2)Perspectives and Values:
a)Japanese Americans during WWII-Zeni’s family was placed
Jun 28, 2013 rated it it was amazing
Marissa Moss does such a wonderful job of presenting little known people who made a big impact on history in some way. She's done it again in sharing the story of Kenichi "Zeni" Zenimura, the "father" of Japanese American baseball. This picture book biography would pair nicely with Kathryn Fitzmaurice's historical fiction title, A Diamond in the Desert. The illustrations, afterword, and bibliography add to the strength of this book.

I support independent bookstores. You can use this link to find
Apr 05, 2014 rated it it was amazing
Zeni finds himself behind barbed wire in the Gila River War Relocation Center with his family and other Japanese-Americans during World War II. He decides to build a baseball field in the Arizona desert. The ingenuity this took to "do it right" is inspiring. The book, a true story about a dark point in American history, is actually fun and hopeful. The illustrations capture the feeling of each point in the story. You don't have to love baseball to be a fan of this book.
May 31, 2013 rated it it was amazing
Recommends it for: 3rd-5th grade
The title page with a game ticket, the baseball image on the back echoing the Japanese flag, and the front cover with Japanese writing in the style of Japanese baseball cards from mid-twentieth century complete the package of this well-crafted, inspirational story. The artwork, done with Japanese calligraphy brush and ink, is a perfect match to this story of a man who continued his love of an all-American game while America imprisoned him.
Sep 19, 2015 rated it really liked it
This is a great picture book to use when introducing the U.S. internment of Japanese Americans.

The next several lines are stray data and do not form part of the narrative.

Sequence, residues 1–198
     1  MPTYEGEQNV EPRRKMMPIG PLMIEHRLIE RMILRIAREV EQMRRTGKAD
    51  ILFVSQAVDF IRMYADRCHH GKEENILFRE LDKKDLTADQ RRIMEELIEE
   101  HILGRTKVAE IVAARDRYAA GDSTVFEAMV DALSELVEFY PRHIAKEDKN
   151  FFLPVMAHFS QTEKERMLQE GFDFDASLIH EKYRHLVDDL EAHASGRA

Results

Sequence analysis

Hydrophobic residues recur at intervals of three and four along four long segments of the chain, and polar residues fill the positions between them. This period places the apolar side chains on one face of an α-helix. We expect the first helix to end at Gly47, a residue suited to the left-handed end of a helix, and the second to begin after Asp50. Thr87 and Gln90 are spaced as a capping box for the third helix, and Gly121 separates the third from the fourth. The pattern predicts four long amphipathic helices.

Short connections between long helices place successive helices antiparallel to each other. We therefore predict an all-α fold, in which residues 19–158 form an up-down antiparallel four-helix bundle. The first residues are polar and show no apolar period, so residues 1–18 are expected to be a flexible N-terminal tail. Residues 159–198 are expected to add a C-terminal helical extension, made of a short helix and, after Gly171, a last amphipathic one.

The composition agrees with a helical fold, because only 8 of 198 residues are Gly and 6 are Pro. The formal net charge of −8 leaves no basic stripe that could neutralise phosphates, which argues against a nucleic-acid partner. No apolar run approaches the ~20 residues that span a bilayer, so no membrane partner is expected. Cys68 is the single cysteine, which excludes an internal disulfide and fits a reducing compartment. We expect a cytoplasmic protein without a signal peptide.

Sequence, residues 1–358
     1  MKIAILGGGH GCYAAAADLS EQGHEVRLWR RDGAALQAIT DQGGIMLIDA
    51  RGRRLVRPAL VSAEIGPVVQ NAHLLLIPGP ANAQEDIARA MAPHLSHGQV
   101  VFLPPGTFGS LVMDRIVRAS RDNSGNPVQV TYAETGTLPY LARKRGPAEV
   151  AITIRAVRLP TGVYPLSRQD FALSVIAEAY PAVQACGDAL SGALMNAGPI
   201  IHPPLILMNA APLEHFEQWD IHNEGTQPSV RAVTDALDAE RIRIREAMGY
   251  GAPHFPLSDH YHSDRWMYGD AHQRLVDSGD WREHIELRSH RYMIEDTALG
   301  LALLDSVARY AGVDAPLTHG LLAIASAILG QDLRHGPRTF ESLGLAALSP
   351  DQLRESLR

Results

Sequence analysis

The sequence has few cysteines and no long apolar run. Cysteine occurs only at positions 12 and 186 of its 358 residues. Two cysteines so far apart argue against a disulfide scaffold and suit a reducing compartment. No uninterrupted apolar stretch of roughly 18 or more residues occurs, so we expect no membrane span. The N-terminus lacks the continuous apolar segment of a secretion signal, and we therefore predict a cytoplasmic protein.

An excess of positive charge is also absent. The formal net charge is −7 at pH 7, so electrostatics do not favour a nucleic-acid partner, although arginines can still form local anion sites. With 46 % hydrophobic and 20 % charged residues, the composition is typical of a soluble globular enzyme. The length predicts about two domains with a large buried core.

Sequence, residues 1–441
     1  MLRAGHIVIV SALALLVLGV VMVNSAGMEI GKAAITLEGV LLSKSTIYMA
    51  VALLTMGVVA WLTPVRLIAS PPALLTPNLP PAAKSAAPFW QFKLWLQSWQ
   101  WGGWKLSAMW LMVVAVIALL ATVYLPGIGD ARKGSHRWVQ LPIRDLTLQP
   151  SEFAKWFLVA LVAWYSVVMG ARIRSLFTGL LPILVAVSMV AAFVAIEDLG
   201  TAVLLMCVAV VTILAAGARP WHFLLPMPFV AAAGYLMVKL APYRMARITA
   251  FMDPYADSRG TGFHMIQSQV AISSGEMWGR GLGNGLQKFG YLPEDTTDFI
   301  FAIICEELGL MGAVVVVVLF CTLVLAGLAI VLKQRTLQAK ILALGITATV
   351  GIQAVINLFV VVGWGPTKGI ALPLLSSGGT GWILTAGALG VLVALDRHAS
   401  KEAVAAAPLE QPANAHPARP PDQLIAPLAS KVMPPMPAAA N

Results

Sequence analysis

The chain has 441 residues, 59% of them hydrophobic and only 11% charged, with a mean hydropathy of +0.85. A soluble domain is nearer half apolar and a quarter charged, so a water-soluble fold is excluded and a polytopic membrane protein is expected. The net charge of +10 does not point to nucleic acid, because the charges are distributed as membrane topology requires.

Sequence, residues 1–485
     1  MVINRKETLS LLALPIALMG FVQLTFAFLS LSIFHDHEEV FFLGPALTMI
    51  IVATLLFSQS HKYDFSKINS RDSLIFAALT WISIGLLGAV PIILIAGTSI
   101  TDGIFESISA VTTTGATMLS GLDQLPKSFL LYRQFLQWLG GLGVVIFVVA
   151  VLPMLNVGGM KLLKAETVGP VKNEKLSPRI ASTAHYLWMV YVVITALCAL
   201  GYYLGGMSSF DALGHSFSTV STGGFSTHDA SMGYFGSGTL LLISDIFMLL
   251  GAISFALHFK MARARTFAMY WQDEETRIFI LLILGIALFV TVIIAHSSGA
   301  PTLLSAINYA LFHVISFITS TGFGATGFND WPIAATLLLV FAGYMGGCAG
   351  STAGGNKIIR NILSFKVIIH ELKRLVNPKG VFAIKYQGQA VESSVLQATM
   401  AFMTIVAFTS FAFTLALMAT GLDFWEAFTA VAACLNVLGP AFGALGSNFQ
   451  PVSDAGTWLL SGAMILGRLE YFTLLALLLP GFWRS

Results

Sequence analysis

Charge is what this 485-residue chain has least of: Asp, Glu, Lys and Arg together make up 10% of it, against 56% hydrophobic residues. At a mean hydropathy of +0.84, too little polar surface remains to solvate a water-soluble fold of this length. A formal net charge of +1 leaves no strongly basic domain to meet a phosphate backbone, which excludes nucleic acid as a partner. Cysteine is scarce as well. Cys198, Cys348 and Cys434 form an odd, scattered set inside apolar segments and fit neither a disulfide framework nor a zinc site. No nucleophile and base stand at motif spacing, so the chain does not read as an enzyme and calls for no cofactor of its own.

Ben Truong
May 11, 2019 rated it really liked it
Barbed Wire Baseball is a children's picture book written by Marissa Moss and illustrated by Yuko Shimizu. It chronicles the life of Kenichi "Zeni" Zenimura, who dreams about being a professional baseball player, despite his short stature and being of Japanese decent during the Second World War.

May, at least in my part of the world is Asian Heritage Month, which I plan to read one children's book, particularly a biography, which pertains to the subject everyday this month. Therefore, I thought t
Jan 29, 2018 rated it liked it
Recommends it for: 4th-6th graders
Recommended to Cathy by: California Young Reader nominee 2018
As a boy, Kenichi “Zeni” Zenimura dreams of playing professional baseball, but everyone tells him he is too small. Yet he grows up to be a successful player, playing with Babe Ruth and Lou Gehrig! When the Japanese attack Pearl Harbor in 1941, Zeni and his family are sent to one of ten internment camps where more than 110,000 people of Japanese ancestry are imprisoned without trials. Zeni brings the game of baseball to the camp, along with a sense of hope.
This true story, set in a Japanese inter
Rachel Lee
This review has been hidden because it contains spoilers. To view it, click here.
Jun 28, 2019 rated it it was amazing
Recommends it for: Grade 5
39 pgs. Great story about a Japanese baseball player in California during WWII. His family was rounded up and sent to an internment camp. The struggles he endured and pride he felt for his favorite sport were inspiring. I think this book would be a great one to use with a history unit on WWII. The illustrations are very different from most art styles. I think the art captures the emotion of the situation well with colors, texture and perspective. There is additional information at the end that w ...more
Lynn  Davidson
Jun 24, 2019 rated it it was amazing
This is the true story of Kenichi Zenimura - known as Zeni - who was born in Japan but moved to Hawaii with his parents when he was 8 years old. There, the first time he saw a baseball game Zuri knew he wanted to be a baseball player. Years later, even though he was a small man he made the team. Unfortunately, after Japan attacked Pearl Harbor in Hawaii, Zuri and 120,000 other Japanese Americans were forced into internement camps. There Zuri made a way to continue playing ball. Great story and i ...more
The Reading Countess
A Japanese internment camp becomes a beacon of hope when a baseball field, players in crisp uniforms, and a stand full of cheering fans mimic normalcy. In a world spinning out of control then, as now, we look for the helpers.

Hopeful, yet still punching you in the gut for what should have never been.